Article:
The end of the Second World War in the Pacific was officially marked by the formal surrender of Japan on 2 September 1945, just over two weeks after Emperor Hirohito himself publicly announced the decision ‘to pave the way for a grand peace for all the generations to come.’1 The Emperor’s pre-recorded radio address on 15 August set in motion a series of steps to bring the war to a close. On Sunday 19 August, two Imperial Japanese Navy Air Service bombers with armament removed and painted in the specified surrender livery of white with green crosses on fuselage and wings, carried Japanese representatives to the American Le Shima Airfield on the island of Iejima off Okinawa. The envoys were en route to a Pre-Surrender Conference in Manila where they were to receive ‘requirements for carrying into effect the terms of surrender.’2 These two aircraft (Mitsubishi G4M, known to the Allies as Bettys) are arguably the most photographed ‘Green Cross’ surrender aircraft from the end of the war.
Several Green Cross aircraft, including three Mitsubishi Zeros, were flown to the Royal New Zealand Air Force (RNZAF) base at Jacquinot Bay on New Britain (Papua New Guinea) after being surrendered at Rabaul.3 And across the Solomon Sea on Bougainville, the RNZAF acquired a further Zero. One of the Jacquinot Zeros was apparently ditched during a test flight mishap and, with a lack of shipping space available, the other surrendered aircraft at this base were left behind and passed into Royal Australian Air Force (RAAF) ownership when the RNZAF returned to New Zealand. The remains of these two Zeros were removed to Australia in the seventies. But the Bougainville Zero came back to New Zealand in October 1945 on the interisland ferry Wahine which was being used to repatriate troops. This aircraft is now on display in Auckland War Memorial Museum (AWMM) and the story of its journey here has been widely repeated.4 However, the story hinges on two men of different nationalities who were each instrumental in the Zero’s acquisition.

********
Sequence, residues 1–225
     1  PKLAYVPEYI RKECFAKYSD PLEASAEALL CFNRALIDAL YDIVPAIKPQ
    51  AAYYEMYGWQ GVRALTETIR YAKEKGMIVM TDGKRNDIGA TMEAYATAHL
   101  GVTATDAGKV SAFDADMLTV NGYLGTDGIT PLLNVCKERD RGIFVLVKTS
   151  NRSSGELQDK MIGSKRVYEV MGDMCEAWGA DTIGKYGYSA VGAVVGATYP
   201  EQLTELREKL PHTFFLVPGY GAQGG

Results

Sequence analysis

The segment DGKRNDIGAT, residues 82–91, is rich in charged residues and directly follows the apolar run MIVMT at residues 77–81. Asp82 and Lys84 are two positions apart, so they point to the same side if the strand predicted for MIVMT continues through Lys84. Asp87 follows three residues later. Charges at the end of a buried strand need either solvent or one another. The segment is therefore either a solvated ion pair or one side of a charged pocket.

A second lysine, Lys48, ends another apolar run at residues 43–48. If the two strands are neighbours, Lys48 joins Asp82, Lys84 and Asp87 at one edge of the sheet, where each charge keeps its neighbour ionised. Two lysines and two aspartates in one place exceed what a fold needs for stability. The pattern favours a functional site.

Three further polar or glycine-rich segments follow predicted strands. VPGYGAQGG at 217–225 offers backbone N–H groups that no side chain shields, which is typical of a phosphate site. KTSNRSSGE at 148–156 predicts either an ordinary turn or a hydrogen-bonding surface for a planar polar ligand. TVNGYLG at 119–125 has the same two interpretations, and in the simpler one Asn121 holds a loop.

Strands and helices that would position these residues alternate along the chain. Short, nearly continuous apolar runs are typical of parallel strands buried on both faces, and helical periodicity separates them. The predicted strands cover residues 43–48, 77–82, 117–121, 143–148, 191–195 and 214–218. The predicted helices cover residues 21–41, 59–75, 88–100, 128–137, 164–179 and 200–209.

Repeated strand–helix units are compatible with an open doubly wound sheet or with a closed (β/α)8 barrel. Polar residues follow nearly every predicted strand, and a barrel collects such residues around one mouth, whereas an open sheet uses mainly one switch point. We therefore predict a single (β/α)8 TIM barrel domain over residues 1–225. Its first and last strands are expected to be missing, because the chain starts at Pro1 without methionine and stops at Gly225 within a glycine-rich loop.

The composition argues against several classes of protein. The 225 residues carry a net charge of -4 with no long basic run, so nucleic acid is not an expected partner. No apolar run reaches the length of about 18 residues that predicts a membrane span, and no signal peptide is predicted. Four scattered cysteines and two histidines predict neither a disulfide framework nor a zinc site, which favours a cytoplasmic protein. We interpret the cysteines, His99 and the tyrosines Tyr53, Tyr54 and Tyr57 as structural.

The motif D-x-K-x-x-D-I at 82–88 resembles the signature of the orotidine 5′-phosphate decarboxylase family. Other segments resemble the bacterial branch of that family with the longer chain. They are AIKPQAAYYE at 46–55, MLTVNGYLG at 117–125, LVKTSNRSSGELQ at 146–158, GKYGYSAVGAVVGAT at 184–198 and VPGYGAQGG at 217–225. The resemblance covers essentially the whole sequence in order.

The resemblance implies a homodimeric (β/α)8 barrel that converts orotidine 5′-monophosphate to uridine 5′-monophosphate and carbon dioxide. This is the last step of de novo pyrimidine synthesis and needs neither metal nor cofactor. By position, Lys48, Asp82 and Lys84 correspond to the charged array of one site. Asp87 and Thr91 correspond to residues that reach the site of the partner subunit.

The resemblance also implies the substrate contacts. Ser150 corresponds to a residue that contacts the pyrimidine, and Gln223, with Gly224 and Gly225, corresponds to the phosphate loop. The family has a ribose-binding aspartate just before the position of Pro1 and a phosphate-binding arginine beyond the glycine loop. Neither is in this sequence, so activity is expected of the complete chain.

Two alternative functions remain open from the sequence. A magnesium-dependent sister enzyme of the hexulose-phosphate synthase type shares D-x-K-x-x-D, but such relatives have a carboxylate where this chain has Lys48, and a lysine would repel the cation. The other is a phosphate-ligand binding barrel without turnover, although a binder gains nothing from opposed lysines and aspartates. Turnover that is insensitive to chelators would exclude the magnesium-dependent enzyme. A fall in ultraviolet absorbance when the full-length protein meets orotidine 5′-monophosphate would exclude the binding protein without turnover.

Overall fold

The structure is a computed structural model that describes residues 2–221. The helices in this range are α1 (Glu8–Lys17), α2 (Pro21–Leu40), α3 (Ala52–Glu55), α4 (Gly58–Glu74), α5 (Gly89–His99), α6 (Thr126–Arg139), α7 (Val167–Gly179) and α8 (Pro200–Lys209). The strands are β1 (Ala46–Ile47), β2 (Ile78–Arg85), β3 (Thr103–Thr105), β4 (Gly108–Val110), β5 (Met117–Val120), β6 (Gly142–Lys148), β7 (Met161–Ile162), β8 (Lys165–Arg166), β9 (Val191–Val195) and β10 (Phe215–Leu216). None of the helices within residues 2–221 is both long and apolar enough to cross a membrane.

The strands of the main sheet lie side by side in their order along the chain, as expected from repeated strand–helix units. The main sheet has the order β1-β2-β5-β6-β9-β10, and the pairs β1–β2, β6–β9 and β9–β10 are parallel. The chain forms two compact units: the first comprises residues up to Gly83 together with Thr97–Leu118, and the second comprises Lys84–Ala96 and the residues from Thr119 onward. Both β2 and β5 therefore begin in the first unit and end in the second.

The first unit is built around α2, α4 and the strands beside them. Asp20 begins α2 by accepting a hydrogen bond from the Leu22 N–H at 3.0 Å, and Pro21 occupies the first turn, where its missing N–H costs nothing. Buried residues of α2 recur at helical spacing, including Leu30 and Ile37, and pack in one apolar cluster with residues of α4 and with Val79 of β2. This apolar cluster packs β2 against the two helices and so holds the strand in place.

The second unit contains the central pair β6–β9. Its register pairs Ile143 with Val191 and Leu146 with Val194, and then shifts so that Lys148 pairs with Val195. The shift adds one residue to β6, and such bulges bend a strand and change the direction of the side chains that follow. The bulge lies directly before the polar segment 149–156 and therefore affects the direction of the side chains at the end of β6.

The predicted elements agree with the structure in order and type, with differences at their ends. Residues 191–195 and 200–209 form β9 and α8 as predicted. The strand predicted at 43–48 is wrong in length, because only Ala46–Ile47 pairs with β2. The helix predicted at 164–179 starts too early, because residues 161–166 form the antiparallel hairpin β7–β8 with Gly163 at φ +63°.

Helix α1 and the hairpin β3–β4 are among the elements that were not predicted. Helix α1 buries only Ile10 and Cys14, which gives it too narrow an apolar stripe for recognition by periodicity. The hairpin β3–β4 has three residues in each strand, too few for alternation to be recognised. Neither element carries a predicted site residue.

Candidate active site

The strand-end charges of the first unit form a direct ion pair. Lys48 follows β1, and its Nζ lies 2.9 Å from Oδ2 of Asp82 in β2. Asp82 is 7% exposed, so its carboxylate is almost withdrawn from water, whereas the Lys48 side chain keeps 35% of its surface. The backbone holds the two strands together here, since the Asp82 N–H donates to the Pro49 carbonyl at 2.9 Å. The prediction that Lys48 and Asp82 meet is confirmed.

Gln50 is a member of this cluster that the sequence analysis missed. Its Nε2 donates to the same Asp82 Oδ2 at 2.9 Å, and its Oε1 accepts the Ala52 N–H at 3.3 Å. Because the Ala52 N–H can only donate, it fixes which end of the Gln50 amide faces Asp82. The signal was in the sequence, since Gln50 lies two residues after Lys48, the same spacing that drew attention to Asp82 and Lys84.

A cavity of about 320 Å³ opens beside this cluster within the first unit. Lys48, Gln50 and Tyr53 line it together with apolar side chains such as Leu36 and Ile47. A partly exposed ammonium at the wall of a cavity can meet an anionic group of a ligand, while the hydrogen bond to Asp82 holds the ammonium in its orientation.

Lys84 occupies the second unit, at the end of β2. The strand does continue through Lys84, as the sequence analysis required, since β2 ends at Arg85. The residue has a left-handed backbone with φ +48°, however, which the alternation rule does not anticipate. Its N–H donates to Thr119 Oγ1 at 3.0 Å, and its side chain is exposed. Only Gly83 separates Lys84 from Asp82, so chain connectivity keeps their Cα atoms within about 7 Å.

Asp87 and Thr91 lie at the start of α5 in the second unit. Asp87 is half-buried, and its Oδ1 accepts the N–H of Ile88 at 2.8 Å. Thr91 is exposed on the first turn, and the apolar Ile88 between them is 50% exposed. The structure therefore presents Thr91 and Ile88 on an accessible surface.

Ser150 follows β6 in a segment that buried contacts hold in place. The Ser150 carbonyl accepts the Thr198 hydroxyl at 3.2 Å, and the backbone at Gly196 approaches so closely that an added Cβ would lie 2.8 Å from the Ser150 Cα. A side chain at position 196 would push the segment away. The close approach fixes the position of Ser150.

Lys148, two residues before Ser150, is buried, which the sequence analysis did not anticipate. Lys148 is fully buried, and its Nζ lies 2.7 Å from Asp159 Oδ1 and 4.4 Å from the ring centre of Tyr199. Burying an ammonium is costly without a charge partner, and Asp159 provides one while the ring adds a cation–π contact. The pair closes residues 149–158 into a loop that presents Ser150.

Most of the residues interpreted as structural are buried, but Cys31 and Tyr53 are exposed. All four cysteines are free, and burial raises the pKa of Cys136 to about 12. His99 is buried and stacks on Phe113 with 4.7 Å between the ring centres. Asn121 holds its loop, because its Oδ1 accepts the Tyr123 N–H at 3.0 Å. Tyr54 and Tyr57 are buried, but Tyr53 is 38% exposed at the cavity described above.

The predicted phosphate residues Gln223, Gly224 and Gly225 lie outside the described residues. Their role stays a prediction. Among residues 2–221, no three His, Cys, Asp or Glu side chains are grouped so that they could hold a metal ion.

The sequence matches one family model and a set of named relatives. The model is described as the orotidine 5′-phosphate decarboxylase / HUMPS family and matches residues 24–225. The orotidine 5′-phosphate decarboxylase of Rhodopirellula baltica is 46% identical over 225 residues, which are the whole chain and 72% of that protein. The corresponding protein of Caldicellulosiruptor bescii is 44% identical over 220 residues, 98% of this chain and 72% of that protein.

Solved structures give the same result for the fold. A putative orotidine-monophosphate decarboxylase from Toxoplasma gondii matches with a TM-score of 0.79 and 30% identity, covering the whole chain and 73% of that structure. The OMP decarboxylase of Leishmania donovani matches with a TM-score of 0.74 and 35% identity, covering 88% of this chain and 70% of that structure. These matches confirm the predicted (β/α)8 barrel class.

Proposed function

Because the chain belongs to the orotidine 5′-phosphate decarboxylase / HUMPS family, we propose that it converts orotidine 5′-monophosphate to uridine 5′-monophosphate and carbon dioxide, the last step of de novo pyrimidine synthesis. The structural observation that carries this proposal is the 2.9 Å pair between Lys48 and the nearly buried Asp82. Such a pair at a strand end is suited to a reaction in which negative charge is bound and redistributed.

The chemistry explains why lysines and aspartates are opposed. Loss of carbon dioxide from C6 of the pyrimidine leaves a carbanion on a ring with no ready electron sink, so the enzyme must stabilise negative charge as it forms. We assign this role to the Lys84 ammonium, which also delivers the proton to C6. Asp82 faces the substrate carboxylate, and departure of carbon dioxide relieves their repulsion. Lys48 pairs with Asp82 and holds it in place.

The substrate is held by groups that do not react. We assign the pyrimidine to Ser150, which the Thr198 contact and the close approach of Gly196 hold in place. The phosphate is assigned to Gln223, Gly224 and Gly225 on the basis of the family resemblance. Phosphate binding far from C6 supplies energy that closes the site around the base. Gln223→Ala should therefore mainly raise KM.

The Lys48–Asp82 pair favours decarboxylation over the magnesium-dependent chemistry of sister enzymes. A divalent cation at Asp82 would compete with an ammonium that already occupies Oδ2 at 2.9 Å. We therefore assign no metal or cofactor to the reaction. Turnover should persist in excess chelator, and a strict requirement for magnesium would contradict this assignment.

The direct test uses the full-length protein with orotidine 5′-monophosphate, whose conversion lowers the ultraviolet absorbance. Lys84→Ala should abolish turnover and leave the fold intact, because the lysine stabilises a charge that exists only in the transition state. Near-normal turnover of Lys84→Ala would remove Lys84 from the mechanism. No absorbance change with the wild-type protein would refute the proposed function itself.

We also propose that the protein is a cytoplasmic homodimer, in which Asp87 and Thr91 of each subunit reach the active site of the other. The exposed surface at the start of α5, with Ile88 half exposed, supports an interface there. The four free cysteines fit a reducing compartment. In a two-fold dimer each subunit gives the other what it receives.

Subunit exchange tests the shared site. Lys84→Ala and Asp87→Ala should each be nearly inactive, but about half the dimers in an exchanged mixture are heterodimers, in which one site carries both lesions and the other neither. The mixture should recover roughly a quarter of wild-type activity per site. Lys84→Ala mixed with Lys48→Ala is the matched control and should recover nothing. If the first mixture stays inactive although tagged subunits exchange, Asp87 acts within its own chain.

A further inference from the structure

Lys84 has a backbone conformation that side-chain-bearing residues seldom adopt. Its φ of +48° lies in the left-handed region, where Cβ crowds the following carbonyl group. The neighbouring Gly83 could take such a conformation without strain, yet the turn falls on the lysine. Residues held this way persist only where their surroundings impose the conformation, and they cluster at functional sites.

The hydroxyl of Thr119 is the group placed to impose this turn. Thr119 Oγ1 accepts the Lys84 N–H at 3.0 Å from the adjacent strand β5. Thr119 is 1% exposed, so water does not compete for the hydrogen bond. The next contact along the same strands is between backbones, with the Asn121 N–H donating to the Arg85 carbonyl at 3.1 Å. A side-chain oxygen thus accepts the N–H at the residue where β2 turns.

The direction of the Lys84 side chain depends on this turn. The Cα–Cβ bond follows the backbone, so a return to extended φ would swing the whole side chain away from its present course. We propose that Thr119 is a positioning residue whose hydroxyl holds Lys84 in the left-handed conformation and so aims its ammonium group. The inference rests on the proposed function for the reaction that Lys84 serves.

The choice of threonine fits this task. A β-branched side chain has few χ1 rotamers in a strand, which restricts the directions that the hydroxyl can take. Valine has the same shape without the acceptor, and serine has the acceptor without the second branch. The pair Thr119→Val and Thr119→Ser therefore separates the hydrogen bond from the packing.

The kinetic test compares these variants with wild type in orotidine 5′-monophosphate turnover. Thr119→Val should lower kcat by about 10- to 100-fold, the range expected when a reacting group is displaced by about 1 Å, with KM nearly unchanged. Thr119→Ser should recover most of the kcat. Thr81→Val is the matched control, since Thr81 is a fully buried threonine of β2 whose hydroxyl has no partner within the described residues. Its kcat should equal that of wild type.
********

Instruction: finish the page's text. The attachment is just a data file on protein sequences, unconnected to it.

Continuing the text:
The Zero had been caught on the ground on Bougainville and seriously damaged in the bombing that accompanied the Allied Bougainville campaign in November 1943. It was hidden for eighteen months before the Japanese restored it as best they could with the goal of flying it off the island. War circumstances prevented the retrieval and RNZAF intelligence officers found the plane in September 1945 at the Japanese airfield at Buin, southern Bougainville.
Defence authorities were not interested in salvaging the Zero and issued orders no one was to fly it. But a New Zealand pilot could not resist the challenge and flew it, without authorisation, north to the RNZAF airstrip at Piva (also in Bougainville) where it attracted much attention.